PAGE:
5) Ajeeb Dastaan Hai Yeh Kahan Shuru Kahan Khatam (Dil Apna Preet Parayi, 1960, Lata Mangeshkar, Shanker-Jaikishen): If there is a song that epitomises unrequited love filled with an acute longing and yet wishing one’s beloved well, it is this melodious Lata Mangeshkar song from Dil Apna Preet Parayi. Meena Kumari loves Raj Kumar who was her boss (a typical doctor-nurse romance) but he is now married to Nadira. The song plays out on a boat after the wedding reception. Shailendra’s biggest plus point was to convey the deepest of emotions in simple, uncomplicated words making his lyrics easy to understand and relate to. Listen to this: “Mubarak-e-tumhein ki tum kisi ke noor ho gaya, Kisi ke itne paas ho, ki sabse door ho gaye,”
6) Poocho Na Kaise Maine Rain Bitaayi (Meri Surat Teri Aankhen, 1963, Manna Dey, S.D.Burman): What a touching song this is. A situational song, it conveys the mental state of the singer – a man shunned by the world because of his “ugliness”, a man who has found solace in music as his life is engulfed in darkness. The music and singing are top notch.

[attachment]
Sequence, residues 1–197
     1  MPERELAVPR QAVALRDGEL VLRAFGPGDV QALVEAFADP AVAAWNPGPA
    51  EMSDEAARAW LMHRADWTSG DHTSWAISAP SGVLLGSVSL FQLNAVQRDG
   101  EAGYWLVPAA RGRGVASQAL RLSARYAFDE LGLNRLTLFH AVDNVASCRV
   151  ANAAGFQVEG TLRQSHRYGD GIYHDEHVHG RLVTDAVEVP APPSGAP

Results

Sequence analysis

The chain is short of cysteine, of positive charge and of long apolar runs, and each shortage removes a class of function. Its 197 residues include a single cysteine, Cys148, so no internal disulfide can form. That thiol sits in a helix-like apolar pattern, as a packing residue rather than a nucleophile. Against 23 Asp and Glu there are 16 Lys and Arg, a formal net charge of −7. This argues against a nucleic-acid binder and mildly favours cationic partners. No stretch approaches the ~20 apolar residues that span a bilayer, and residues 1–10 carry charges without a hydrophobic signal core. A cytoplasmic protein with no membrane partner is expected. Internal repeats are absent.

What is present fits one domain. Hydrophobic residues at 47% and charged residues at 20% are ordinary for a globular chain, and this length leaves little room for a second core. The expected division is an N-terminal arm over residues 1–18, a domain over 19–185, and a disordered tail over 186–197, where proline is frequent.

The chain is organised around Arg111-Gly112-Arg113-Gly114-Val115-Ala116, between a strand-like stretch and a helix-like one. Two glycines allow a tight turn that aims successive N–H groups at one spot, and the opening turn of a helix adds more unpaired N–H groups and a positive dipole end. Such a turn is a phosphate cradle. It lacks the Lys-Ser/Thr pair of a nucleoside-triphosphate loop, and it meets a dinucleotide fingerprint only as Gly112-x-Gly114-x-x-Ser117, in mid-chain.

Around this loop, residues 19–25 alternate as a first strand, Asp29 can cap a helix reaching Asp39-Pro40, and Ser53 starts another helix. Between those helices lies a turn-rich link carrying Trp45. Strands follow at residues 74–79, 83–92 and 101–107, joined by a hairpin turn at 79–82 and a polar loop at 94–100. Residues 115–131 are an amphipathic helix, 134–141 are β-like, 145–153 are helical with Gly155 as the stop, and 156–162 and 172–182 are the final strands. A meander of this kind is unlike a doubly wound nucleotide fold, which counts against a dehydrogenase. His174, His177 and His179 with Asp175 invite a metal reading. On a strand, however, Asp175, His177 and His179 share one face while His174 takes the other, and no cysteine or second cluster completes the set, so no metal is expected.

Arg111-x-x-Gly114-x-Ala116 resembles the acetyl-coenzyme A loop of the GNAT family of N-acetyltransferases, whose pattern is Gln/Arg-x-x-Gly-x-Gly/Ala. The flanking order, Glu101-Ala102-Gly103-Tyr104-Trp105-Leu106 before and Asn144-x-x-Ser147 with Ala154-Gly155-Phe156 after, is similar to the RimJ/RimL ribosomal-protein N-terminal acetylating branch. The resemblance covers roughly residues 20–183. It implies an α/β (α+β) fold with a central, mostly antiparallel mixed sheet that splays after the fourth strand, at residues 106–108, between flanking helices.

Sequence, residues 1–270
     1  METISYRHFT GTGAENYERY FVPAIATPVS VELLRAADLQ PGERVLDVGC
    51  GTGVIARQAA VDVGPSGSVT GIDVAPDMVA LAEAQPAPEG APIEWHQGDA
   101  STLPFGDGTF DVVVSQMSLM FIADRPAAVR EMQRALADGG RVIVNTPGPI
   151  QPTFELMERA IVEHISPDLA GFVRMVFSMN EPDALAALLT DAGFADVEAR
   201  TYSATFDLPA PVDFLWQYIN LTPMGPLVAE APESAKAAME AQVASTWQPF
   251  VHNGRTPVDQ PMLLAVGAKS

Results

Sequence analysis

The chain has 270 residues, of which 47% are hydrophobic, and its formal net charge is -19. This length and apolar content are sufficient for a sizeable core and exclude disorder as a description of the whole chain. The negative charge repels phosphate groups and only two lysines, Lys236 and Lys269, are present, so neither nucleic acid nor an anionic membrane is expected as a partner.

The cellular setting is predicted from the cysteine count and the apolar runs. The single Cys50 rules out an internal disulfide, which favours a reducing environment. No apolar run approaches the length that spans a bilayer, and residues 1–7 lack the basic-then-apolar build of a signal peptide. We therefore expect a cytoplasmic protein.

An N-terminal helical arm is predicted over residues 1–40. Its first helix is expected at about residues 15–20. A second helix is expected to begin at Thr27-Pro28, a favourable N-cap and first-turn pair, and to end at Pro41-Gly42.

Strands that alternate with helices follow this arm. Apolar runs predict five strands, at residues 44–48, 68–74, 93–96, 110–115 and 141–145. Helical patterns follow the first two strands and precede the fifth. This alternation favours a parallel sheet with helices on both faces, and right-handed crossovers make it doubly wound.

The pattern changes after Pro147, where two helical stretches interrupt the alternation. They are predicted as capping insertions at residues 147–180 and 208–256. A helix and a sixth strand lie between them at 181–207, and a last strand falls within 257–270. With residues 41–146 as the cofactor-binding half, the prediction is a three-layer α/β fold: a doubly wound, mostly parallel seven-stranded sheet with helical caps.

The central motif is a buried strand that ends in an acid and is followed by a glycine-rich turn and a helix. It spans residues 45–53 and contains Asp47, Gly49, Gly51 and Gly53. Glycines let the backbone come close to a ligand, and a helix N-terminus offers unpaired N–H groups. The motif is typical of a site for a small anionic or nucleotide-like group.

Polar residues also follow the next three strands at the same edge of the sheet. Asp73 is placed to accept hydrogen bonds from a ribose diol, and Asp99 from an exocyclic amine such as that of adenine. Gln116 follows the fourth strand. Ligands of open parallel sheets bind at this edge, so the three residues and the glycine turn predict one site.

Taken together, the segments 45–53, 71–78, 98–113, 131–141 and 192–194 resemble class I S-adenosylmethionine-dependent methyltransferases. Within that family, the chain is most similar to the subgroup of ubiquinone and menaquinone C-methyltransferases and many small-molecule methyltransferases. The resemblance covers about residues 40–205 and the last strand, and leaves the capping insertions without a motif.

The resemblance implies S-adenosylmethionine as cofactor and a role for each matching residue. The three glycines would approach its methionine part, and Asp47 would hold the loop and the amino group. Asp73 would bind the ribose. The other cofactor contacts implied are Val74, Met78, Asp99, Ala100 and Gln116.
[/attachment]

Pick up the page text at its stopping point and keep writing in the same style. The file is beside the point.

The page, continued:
7) Apni Toh Har Aah Ek Toofan Hai (Kala Bazar, 1960, Rafi, SDB): If I were asked to choose two of my favourite soundtracks, my picks would be Kala Bazar and Pyaasa. (Which is why they land up in every post that they can!) Look at this song from Kala Bazar – it is sheer genius – be it the lyrics, the melodious music, Rafi’s superlative singing, or the picturisation! Dev Anand looks a million bucks here…He is on the train along with Waheeda Rehman and her parents. The parents for one cannot figure out whom the song is being sung for. It could be a song sung to the almighty, or the daughter who is asleep on the berth above! Simply delightful.
8) O Jaane Wale Ho Sake Toh Laut Ke Aana (Bandini, 1963, Mukesh, SDB): Bandini had some poignant, heart-rending numbers that conveyed the mental distress and state of the protagonist perfectly. Be it the Mere Saajan Hain Us Paar, when Kalyani (Nutan) is torn between going back to her only love, currently ailing (even though he had deserted her) and her new life (with the prison doctor). The words sum up the conflict perfectly – “Main Bandini Piya ki, main sangini hoon saajan ki, Mera Kheenchti hai aanchal, manmeet teri har pukar.